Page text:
Thursday, July 30, 2015

Ensure Cyber Safety

The internet has become the first place we go when we want to communicate, do research, or even conduct business. For most of us, our time in cyberspace is increasing each day. But with breaches of information becoming more common, have you even wondered just how safe your information is online? What can you do to ensure cyber safety for you and your family members?

How can you keep your family members safe online?

Educate family members about appropriate online activity.
Monitor and stay involved in online activity.
Recognize the need for different strategies for a variety of age groups.

Why is cyber safety important?

The information you make available online may be subject to hacking and exposure to the public. Safety is crucial due to privacy issues and overall security, and prevents issues like cyberbullying.

When should you start talking with your kids about cyber safety?

It’s never too early to start discussing cyber safety. Make it an issue that’s brought up often in your household. Don’t forget that cyber safety doesn’t just apply to your children. Adults of any age, especially older adults, need to be aware of cyber safety.

Latest news regarding cyber safety:

According to a recent report, your internet searches and the health information you provide online may put you at risk of medical-related discrimination. Check out this Science Daily article for more details.
Parents are often guilty of providing too much information about their children online.  When parents put too much information about their children online, it may lead to safety and privacy risks for their children, both now and in the future. Read this article on "sharenting" to get the full picture.
Your online information may be most vulnerable when you’re traveling. From laptops left behind in hotel rooms to connecting to public Wi-Fi networks, cyber safety can be an issue once you’ve left your home.  Be aware of these issues when traveling to help ensure your safety and privacy.

Keeping your passwords secure:

Ensure the strength of your passwords by making them a combination of letters, numbers, and symbols.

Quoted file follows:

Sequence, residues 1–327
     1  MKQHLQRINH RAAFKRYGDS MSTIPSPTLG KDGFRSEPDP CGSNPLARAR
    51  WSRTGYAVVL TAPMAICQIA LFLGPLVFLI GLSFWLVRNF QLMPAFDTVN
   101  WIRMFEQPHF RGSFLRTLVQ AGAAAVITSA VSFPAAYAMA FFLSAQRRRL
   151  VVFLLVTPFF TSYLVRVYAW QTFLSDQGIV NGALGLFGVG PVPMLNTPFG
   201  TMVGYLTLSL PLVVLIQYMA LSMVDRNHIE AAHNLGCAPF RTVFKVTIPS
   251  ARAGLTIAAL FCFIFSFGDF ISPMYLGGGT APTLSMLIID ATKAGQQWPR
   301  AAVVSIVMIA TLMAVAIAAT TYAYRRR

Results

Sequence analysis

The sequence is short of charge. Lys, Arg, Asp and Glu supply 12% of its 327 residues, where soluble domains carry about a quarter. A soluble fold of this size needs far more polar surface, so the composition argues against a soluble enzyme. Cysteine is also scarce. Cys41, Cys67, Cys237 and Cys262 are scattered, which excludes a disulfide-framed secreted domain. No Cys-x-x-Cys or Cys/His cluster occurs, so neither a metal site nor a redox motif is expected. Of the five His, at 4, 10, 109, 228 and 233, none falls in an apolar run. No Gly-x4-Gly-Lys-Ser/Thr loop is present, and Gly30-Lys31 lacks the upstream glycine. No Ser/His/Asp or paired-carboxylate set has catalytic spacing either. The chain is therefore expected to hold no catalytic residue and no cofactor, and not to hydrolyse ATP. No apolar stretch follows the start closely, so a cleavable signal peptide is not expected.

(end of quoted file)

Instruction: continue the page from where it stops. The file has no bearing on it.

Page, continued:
Don’t share your passwords with anyone.
Change your passwords on occasion.
Always log out of your computer and any sites you visit, especially when using a public computer.

Where can you learn more about staying safe online?

Visit sites such as iKeepSafe for valuable information on keeping your family safe online.

Do you have any suggestions for ensuring cyber safety, or any stories to share? If so, please feel free to leave a comment!

Live Healthy. Live Smart.

Tuesday, July 28, 2015

Can Your Diet Make You Happier?

Experts are recognizing that what you eat and other important health and wellness practices may contribute to your level of happiness. Which eating habits can you adopt that will help you and your family members obtain maximum happiness?

How can your diet make you happier?

Research supports the idea that what you eat may help or hinder your mood, sense of wellbeing, and overall happiness. Consuming a balanced diet is essential to good health. Consult with your doctor or healthcare provider regarding the use of supplements.

What are the building blocks of eating for happiness?

Amino acids are essential for wellbeing. Animal-based sources of amino acids include meats, fish, milk, and eggs. If you're a vegetarian or vegan, you can get these acids from plant sources including soy, beans, legumes, and some grains. Too much caffeine in your diet, excessive exercise, stress, and your genes may deplete your amino acids.